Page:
The main components of Zubie are a small device that plugs into a car’s OBDII port (typically located under the dashboard) and a purpose-built app compatible with smartphones that run either iOS or Android. Zubie sends vital information such as the battery’s voltage directly to the car owner’s cell phone, and it is capable of reading error codes stored in the car’s ECU. Additionally, the application works with Edmunds to provide the average market value of select models.
Zubie can also be used to locate cars and family members in real-time. It gives a report card that rates each driver based on their driving habits, and it lists information such as how much time the car spends idling, speeding, braking and driving at night. The software keeps track of a driver’s trips, a function the company says is a must for parents and fleet operators, while providing accurate gas mileage information.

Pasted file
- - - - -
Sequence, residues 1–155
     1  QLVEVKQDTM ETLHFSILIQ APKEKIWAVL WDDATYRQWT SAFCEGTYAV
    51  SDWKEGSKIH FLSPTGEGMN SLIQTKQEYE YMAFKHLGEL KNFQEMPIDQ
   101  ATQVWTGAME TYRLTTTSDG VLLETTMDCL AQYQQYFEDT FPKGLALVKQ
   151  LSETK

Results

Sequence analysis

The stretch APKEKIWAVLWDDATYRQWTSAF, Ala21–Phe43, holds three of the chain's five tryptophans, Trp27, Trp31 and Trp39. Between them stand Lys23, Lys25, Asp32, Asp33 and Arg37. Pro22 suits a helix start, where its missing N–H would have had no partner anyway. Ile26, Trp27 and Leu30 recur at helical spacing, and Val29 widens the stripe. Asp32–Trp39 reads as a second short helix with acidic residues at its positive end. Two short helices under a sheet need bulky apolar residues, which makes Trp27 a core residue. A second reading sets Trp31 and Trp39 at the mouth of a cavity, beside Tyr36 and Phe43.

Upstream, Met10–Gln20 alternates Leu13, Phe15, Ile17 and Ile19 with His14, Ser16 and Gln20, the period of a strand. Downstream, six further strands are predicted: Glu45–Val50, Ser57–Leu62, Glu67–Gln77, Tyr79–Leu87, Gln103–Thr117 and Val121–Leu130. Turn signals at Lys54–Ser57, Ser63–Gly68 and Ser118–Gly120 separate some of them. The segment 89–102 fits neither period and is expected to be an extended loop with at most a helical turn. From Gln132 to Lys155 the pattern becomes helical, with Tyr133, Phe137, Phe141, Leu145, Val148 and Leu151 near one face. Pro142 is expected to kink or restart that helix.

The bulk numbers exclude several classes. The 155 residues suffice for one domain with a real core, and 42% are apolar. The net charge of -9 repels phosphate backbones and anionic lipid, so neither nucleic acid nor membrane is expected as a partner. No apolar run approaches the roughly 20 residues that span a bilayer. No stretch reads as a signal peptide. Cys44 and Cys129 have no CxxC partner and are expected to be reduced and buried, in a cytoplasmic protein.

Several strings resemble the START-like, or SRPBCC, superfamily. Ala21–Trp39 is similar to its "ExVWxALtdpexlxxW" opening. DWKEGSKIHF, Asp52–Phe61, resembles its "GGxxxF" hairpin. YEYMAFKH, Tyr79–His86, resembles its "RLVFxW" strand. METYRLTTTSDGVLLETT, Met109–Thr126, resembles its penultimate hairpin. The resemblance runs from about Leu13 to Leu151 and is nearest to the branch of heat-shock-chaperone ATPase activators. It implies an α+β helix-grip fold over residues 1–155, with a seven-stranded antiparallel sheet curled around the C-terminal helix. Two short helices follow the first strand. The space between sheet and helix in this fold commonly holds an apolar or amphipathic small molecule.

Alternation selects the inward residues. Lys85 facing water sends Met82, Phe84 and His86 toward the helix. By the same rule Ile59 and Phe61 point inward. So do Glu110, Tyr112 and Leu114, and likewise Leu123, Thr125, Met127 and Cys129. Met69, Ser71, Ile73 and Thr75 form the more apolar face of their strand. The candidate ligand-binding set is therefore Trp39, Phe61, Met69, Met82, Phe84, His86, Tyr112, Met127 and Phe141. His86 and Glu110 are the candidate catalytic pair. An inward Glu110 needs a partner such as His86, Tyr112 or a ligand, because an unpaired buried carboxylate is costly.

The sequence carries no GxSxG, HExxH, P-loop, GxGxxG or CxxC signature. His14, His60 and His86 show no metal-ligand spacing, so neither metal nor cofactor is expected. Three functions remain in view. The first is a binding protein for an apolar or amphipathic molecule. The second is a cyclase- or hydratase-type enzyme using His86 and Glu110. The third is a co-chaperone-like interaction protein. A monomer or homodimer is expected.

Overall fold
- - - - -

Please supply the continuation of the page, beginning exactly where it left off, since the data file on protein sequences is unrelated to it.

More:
RELATED: Hands-on with GM’s in-car Wi-Fi
The device is compatible with most gasoline-powered U.S.-spec cars built since 1996. Whether or not the company plans on expanding the software to cover diesel-burning cars and trucks is not known.
For $100 a year, Zubie believes the technology packed in its little device can drastically change the way Americans drive.
“Zubie will help global consumers and fleet owners alike to make driving smarter, safer and more affordable,” predicts CEO Tim Kelly.
Other players in the booming connected car industry seem to agree. The company has raised approximately $18 million over the past few months thanks to deals inked with partners such as Castrol innoVentures, Comporium and Nokia Venture partners.
- LG Display’s ‘invisible’ speaker brings sound to any surface in your car
- Kia makes one of the best car infotainment systems out there. Here’s why it works
- Best dash cam deals for November 2022: Vantrue, Garmin, Anker, and more
- The best iPhone car mounts for 2022
- Sporty Polestar 3 SUV is an EV guiding star